Complaint accuses Rowan County Housing Authority board member of racial discrimination

A board member with the Rowan County Housing Authority is the target of a recently lodged complaint concerning racial discrimination.

Although details were sparse at presstime, James “Jeremy” Carter of Kluttz, Reamer, Hayes, Randolph, Adkins & Carter law firm sent a letter to the county commission that was received Friday.


Carter, the county housing authority board’s attorney, wrote with “deep regret” that a complaint had been filed with the Greensboro Field Office of the U.S. Department of Housing and Urban Development against one of the board members.

“I have not seen the complaint, but have been informed it involves comments on the Internet that could be viewed as discriminatory,” Carter wrote in an email to the Post. “It is also my understanding that there is a pending review or investigation of the situation through HUD and that the HUD office will be sending further notice to Rowan County Housing Authority.”

The housing authority board still is awaiting written notification of the “full nature and scope of the complaint.”

If the allegations are true, the housing authority board member could have violated the prohibitions against discrimination based upon race in housing, Carter wrote.

Once HUD releases its findings, requirements and required actions to the Rowan County Housing Authority board members, they will in turn send that information to county commissioners who are charged with dealing out the discipline.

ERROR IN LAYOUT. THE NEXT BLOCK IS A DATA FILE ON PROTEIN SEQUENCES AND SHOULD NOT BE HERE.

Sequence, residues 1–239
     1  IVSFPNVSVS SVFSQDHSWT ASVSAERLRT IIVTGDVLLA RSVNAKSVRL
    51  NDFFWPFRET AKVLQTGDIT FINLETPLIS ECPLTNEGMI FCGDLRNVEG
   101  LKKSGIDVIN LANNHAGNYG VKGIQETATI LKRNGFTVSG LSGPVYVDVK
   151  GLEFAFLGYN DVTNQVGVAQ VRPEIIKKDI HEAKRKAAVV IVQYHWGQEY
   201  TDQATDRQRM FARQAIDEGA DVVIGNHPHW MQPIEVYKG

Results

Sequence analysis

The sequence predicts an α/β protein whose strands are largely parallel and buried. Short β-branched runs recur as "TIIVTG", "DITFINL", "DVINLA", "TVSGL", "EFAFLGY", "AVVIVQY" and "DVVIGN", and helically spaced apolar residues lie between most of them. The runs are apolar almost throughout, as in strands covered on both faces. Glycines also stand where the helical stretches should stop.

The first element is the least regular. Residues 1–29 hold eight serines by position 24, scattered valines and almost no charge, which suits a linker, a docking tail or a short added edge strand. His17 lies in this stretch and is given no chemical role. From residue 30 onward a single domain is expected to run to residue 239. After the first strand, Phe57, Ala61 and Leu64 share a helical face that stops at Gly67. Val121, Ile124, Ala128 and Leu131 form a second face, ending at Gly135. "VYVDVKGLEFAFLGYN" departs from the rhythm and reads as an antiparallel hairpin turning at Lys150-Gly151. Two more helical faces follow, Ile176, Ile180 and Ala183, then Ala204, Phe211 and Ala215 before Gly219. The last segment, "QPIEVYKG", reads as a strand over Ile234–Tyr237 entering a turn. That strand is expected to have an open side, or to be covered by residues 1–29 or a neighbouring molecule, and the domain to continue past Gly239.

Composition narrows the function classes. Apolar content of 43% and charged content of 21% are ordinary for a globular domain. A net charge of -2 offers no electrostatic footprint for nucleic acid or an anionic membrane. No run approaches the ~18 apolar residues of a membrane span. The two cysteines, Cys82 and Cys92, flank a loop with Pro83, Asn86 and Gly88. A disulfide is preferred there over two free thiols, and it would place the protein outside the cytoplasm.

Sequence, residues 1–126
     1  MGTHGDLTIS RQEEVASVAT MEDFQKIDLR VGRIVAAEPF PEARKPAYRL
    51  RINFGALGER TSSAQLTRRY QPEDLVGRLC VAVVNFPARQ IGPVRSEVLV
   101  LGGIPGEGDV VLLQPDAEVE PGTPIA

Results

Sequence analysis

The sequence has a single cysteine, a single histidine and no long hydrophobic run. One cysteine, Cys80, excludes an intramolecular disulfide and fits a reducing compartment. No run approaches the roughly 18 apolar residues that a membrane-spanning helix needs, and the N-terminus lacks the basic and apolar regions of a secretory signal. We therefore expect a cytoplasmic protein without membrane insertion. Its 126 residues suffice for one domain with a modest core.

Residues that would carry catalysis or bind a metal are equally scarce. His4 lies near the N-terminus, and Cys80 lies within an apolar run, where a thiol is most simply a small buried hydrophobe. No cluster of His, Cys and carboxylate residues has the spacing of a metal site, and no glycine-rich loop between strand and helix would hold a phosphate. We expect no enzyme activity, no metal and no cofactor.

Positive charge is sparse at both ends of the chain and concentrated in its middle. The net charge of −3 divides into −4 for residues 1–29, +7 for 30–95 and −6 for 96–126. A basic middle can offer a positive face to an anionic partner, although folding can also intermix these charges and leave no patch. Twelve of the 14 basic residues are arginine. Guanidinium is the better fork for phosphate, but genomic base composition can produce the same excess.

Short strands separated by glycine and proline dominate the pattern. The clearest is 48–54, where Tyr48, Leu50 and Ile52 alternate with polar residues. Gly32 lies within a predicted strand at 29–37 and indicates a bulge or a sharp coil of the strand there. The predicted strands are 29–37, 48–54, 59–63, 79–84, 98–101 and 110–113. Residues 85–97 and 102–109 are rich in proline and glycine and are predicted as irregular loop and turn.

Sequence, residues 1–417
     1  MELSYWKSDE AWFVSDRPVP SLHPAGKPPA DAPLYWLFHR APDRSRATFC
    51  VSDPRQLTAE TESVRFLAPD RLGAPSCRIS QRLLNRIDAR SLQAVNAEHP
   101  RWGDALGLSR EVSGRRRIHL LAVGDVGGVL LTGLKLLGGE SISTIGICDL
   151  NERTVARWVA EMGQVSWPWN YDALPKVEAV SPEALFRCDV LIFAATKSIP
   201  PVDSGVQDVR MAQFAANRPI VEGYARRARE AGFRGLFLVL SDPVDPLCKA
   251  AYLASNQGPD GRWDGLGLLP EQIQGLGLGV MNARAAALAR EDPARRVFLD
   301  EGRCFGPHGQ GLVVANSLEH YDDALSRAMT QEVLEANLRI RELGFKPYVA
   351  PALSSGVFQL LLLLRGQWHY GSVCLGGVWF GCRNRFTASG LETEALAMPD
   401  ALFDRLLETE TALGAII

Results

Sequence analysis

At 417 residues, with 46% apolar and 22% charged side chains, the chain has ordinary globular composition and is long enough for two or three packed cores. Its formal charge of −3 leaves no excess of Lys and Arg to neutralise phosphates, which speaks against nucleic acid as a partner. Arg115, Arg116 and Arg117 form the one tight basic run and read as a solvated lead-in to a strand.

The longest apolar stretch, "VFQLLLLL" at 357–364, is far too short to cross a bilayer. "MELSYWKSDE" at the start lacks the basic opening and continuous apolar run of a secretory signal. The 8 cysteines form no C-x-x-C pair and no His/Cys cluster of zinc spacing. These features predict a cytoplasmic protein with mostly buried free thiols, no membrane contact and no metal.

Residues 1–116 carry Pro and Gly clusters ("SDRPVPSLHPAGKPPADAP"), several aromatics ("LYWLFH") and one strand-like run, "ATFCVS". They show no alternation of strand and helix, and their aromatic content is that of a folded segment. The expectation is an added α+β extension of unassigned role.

However, a county source privy to the situation said the complaint is against Malcolm “Mac” Butner, chairman of the housing authority board.

According to the source, Butner allegedly made remarks “that were not very complimentary of” African Americans during a meal prior to a meeting and is reportedly considering resigning as a result.

Butner did not return calls seeking comment by presstime.

Veleria Levy, chairwoman of the Rowan County Democratic Party, said the organization “would hope our commissioners are doing a better job of ensuring we have more diverse representation on the various boards.”

“We need more diverse appointments, and (commissioners) should make it a priority to make sure those things happen,” Levy said. “That diversity could circumvent something like this from happening in the future.”

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